UK: Dairy farmer protests target Arla Foods
Farmers are trying to claw back cuts reductions made in May and are targeting processors retailers across the industry
Protests by UK farmers over the price of milk last night (15 August) targeted dairy giant Arla Foods.
Around 300 farmers gathered at Arla's facility in Ashby de la Zouch in Leicestershire yesterday evening, blockading the plant throughout the night.
Farmers protests in the last three weeks have succeeded in getting processors to postpone or decide against plans to lower their milk prices on 1 August. However, farmers are trying to claw back cuts reductions made in May and are targeting processors and retailers across the industry.
Farmers For Action chairman David Handley said there has been "complete and utter silence" from Arla as to how they are progressing with returning the money from the cuts.
"Last night's protest got us a meeting with management, which culminated in a discussion this morning, so we're just waiting for the outcome of that," Handley told just-food. "We've asked a number of searching questions and we just want some answers. It's no good them sitting back and saying nothing. We're in this together and we've got to try and resolve this."
Handley said he is expecting a response from Arla later today. Arla could not be reached for comment on the protests at the time of going to press.
The most recent farmer protests have focused on discount retailers Farmfoods and Iceland Foods.
UK frozen food retailer Farmfoods was the target of protests last week, with dairy farmers blockading the company's distribution centres in Scotland, Manchester and Solihull.
The company had agreed to a meeting but Handley told just-food today that it was "not very successful".
"There seems to be a considerable amount of resistance to the fact that the milk suppliers have got to at least be able to get a fair price for their milk. [Farmfoods] was quite blase about it all and has agreed to another meeting in six weeks time, but that's just ridiculous."
As a result, Handley said Farmfoods is now "right at the top of the radar again".
Handley, meanwhile, said Iceland Foods is also working on securing "a formula based on recovering costs for dairy farmers", following what he said was a "very successful meeting".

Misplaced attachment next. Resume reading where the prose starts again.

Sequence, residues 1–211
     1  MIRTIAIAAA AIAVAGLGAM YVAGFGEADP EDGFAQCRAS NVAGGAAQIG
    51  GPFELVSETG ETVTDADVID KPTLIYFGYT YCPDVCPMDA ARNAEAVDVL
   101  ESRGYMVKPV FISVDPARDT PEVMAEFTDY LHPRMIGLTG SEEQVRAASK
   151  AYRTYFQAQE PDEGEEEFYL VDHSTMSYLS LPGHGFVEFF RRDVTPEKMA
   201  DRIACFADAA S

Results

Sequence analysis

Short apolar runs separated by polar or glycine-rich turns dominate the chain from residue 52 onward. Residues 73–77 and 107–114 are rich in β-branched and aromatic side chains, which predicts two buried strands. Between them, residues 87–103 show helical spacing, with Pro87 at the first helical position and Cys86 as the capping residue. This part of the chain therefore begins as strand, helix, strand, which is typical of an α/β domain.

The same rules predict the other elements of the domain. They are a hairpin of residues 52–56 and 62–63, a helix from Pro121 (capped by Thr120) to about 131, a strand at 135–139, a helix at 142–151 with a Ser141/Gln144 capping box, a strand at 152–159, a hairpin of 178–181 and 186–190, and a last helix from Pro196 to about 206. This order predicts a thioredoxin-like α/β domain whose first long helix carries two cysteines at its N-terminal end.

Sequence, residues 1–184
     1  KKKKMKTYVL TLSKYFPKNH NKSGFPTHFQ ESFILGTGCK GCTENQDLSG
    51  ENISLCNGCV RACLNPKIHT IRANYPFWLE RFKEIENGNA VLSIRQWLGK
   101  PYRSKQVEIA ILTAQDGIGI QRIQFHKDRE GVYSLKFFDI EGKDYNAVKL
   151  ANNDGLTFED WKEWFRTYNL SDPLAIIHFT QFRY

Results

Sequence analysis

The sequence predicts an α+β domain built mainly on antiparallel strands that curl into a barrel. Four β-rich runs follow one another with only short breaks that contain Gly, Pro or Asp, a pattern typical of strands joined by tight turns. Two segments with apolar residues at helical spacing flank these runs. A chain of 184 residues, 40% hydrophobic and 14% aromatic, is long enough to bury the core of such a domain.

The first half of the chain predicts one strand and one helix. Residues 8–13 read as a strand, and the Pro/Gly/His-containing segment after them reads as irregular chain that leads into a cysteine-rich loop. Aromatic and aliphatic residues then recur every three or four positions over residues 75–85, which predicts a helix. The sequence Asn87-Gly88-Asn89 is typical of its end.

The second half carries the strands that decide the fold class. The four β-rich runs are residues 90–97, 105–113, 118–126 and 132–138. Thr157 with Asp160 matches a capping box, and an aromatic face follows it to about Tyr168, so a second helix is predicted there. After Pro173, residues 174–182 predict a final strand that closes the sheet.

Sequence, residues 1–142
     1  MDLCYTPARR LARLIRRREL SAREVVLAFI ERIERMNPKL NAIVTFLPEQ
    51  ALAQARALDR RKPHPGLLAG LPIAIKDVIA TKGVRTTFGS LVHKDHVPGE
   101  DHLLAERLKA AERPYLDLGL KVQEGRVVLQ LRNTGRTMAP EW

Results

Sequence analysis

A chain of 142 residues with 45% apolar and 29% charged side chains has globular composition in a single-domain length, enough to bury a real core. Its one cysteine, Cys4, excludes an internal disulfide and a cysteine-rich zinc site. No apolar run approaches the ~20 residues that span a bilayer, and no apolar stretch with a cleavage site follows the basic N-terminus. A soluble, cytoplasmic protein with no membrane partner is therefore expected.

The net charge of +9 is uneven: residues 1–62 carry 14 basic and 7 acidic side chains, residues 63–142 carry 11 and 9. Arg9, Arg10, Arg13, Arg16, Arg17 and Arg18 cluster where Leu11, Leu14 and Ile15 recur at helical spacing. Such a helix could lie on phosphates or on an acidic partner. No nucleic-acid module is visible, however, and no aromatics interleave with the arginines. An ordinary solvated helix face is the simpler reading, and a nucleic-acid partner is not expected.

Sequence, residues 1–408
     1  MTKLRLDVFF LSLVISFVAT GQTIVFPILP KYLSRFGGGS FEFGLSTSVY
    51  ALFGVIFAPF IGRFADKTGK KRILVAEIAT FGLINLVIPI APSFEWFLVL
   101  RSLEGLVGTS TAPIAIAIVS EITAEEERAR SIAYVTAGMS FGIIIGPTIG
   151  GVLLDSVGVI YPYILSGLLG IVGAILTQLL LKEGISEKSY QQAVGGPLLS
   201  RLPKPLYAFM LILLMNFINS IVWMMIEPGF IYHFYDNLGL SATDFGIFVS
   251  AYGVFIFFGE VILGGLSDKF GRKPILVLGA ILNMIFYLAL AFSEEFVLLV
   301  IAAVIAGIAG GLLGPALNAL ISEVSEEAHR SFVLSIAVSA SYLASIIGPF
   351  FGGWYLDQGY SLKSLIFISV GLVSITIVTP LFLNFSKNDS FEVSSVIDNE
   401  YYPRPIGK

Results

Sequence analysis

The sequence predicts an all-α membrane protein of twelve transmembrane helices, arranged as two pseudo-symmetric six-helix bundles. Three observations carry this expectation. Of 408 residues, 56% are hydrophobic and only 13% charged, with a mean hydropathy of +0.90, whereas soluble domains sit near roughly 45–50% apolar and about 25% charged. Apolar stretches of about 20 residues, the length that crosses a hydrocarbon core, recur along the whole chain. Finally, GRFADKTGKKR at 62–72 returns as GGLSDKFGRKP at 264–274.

Handley, however, has had more success with dairy processor Dairy Crest, which he says are currently "off the hook".
"Dairy Crest have been working alongside the Dairy Crest Producer Board and have come up with a formula that they think will assist us in achieving what we want. That is in the process of being printed up, we're hoping for something on that in the next fortnight."
However, Handley said he has "heard nothing" from another processor, Robert Wiseman Dairies.
As our understanding of the horse meat contamination scandal develops the number of food products drawn in is likely to expand, raising some fundamental questions about the security of our food supply...
Last week, a number of the challenges facing food manufacturers and retailers were once again thrown into sharp relief. The industry continued to grapple with the cyclical difficulties of a down globa...
Growing competition for space in key emerging markets appears to have convinced Arla Foods that it needs to act now if it is to secure a market for its milk supplies beyond 2015....
One story has dominated the industry headlines last week - the deepening and widening horse meat contamination, which has now taken in household brand Findus and a supplier in France. Beyond the debat...
- How Hormel Foods can benefit from Justin's
- Colian hungry for international growth - interview
- Tackling infant formula fraud in China
- How discounters unsettling Australia's food sector
- The balancing act at Amy's Kitchen - interview
- US food labels to include "added sugars" info
- General Mills invests in another US SME
- Kraft Heinz to expand US plant
- ABP Food Group names COO Frank Stephenson new CEO
- ConAgra focusing on core with Spicetec sale